After Angel Chavez’s mother expressed disappointment in his poor grades earned during high school, Chavez vowed to improve his performance and work towards a better academic future. Chavez, the youngest of three children, understood that education is essential in upward mobility and realizing his dreams. He enrolled at Cal State LA as an undergraduate and was introduced to Professor Daphne Liu, a faculty member in the Department of Mathematics. With her encouragement, he applied and was accepted to Cal State LA’s NASA Data Intensive Research and Education Center in Science, Technology, Engineering, and Mathematics (DIRECT-STEM) program, where he developed his research interest under the tutelage of Professor Liu. The program recruits highly competitive and historically under-represented students to provide NASA research experience in scientific computing and data analysis. After earning his bachelor’s degree, he continued his studies as graduate student in the department’s master’s program and the NASA DIRECT-STEM program
Chavez cherished his time with the NASA DIRECT-STEM program.
“The DIRECT-STEM program provided me with ample network opportunities. Through the program, I interned at NASA-JPL and UC Irvine, which greatly expanded my network.”
Chavez also credits the program in expanding his knowledge of other STEM fields.
“The program offered monthly seminars where we learned about other subjects… not just math. For example, I gained knowledge in data science and weather science, which I think has made me a more rounded future scientist.”
This fall, Chavez will continue his graduate education at the University of Minnesota, where he will pursue a Ph.D. in mathematics. He aims to become a professor and found a version of the NASA DIRECT-STEM program where he teaches.
“I owe part of my success at Cal State LA to Dr. Liu. She was a strong guiding hand who was always patient and understanding with me. When I felt like slacking off, she was there encouraging me to keep going. I aspire to be like her.”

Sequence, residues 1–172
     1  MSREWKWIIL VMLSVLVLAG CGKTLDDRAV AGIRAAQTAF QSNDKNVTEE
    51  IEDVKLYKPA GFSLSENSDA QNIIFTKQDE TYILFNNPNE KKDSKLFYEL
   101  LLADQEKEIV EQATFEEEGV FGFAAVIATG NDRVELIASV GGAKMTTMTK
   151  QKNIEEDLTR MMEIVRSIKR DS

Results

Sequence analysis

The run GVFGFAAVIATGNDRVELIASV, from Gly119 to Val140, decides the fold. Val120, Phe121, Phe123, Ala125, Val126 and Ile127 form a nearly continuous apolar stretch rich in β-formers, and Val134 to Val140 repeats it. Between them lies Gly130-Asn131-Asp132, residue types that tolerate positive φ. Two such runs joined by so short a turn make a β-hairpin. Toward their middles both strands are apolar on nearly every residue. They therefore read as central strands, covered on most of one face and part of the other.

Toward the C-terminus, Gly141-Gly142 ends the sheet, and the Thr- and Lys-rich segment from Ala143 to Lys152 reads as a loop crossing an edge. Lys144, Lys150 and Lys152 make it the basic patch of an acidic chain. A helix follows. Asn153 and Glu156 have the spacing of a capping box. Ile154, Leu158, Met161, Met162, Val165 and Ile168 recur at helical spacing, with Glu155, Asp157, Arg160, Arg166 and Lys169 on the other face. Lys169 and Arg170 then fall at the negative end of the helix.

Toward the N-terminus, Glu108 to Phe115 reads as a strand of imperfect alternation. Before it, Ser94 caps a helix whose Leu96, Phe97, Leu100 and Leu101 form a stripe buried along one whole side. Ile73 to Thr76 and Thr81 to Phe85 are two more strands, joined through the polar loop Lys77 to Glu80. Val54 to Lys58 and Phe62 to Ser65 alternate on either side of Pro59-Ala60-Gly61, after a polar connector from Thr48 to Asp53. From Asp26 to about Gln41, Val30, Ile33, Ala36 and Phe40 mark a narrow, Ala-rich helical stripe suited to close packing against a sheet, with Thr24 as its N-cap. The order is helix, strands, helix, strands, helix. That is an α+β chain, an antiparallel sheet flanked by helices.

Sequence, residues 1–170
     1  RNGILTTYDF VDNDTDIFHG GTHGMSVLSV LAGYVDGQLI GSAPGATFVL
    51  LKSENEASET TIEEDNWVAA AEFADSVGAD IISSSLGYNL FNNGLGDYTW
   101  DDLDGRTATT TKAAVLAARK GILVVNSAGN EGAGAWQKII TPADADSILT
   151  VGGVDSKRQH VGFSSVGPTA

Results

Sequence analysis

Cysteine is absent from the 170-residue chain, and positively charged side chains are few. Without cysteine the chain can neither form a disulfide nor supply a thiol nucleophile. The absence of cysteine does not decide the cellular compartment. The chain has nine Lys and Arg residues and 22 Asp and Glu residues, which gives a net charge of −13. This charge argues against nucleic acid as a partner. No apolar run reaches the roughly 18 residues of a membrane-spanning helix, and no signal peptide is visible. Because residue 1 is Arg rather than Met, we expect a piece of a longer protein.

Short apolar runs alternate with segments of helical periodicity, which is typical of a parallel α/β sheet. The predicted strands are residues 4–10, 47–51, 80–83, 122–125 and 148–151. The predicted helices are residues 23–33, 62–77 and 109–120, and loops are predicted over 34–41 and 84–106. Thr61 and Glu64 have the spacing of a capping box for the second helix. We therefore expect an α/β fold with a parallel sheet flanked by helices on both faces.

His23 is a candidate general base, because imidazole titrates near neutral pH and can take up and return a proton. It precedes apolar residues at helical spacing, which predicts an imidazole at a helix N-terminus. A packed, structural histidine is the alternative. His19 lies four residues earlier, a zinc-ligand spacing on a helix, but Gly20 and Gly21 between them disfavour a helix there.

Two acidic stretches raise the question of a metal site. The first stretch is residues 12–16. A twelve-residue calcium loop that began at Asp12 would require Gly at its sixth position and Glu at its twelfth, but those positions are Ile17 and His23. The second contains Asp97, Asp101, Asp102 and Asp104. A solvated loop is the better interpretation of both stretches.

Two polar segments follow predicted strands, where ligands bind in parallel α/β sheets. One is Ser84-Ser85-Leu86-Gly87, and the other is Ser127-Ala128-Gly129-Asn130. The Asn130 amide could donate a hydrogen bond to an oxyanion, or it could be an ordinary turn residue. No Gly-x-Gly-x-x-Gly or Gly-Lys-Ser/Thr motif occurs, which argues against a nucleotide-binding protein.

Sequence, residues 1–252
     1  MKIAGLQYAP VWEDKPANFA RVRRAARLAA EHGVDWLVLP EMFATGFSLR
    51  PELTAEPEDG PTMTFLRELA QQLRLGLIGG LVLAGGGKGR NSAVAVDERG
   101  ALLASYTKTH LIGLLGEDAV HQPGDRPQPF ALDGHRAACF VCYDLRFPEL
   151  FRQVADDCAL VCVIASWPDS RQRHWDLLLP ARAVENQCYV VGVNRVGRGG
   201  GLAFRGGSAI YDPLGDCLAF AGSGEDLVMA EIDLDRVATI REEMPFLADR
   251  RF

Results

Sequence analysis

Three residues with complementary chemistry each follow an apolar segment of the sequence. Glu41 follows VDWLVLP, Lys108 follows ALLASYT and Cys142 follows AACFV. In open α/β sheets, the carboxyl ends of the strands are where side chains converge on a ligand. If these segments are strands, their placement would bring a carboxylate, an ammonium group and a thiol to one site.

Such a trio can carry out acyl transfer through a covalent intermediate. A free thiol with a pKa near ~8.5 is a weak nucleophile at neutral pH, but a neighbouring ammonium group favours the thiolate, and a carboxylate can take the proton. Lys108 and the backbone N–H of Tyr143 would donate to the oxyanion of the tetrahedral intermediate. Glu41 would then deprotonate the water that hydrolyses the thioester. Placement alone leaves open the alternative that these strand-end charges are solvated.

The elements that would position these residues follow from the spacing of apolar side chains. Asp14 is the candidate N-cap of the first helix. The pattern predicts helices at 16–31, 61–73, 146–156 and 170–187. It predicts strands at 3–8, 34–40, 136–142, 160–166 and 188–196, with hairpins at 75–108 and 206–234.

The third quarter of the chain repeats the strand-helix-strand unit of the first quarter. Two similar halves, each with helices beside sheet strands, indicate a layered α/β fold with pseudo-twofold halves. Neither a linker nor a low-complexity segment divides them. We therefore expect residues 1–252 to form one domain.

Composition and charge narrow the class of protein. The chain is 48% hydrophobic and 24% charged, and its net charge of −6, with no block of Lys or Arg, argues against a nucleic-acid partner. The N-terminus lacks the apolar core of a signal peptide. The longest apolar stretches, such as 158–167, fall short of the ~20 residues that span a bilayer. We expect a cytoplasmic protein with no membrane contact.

While he will miss the familiar atmosphere at Cal State LA, Chavez is excited to begin the next phase of his academic career. He is also encouraged to face any future challenges due to the training he received at Cal State LA. Above all, he marvels at the pride his mother bestows on him as he views his success as the fruit of her labor.
After graduation, Parres-Gold plans to obtain a Ph.D. in biochemistry and pursue a career as a researcher, and ultimately, a professor. In his undergraduate career, Parres-Gold has gained research experience through his work in Professor Yixian Wang’s (chemistry and biochemistry) lab, and the Amgen Scholars Program at the California Institute of Technology (Caltech).
Parres-Gold is the second Cal State LA student to be named a Goldwater Scholar and is member of the University's Early Entrance Program. In his spare time, he serves as the president of the Chemistry and Biochemistry Club, and is an avid practitioner of parkour.
Zadoorian’s interest in psychology stemmed from her high school coursework in American Sign Language (ASL) when she noticed the distinctive visual attention of ASL users.
“Soon after I started working with members of the deaf community, I noticed that there was something unique about their visual attention – especially in the periphery of their visual field. Ever since, this observation has helped shape and focus my research interest and master’s thesis.”
Zadoorian’s academic work at Cal State LA has earned her numerous awards including the opportunity to conduct research under the tutelage of Joel Ellwanger, a faculty member in the psychology department.
“I love Cal State LA. I am forever grateful for the resources that I benefitted from as a student. I received one-on-one mentoring from Dr. Ellwanger, and had the opportunity to present my research findings at the Western Psychological Association (WPA) and the American Psychological Society (APS) conferences. In fact, I will presenting at the American Psychological Association conference later this summer.”
This fall, Zadoorian will continue her graduate education at the University of California, Riverside while pursuing a Ph.D. in psychology.
“Without the support of several psychology faculty members like Dr. Hu, Dr. Dennis, and Dr. Fernando, I would not be where I am today. I am excited to embark on the next phase of my academic career with the hopes of becoming a professor and mentor to others.”
Feeling frustrated at the lack of resources available to pre-med students on campus, Tatiana Eiley (pictured second from right) and her friend and classmate, Jamie Sperati, established the Pre-med Club. Eiley describes the club as having three objectives: to provide resources to students such as full length practice exams, mock interview and personal statement workshops; to serve as an information hub for students seeking to go on to medical school after graduation and; to provide a supportive atmosphere for pre-med students on campus.
Eiley, who serves as the club’s current president until the end of the semester, has seen the club double in the size of active membership since its establishment.
In addition to her work with the club, Eiley is a member of the labs of Edward Eivers, Ph.D., and Paul Naguzian, Ph.D., where she gained hands on research experience.
“I definitely made the most of my time on campus and in the college. I am going to miss all the faculty and staff who have helped me along the way, including Maite Villareal Rodriguez, who in addition to being the club’s advisor, was a great resource for me during the last two years. I will also miss my professors and mentors, Dr. Recinos, Dr. Eivers, Dr. Lanning, and Dr. Narguizian.”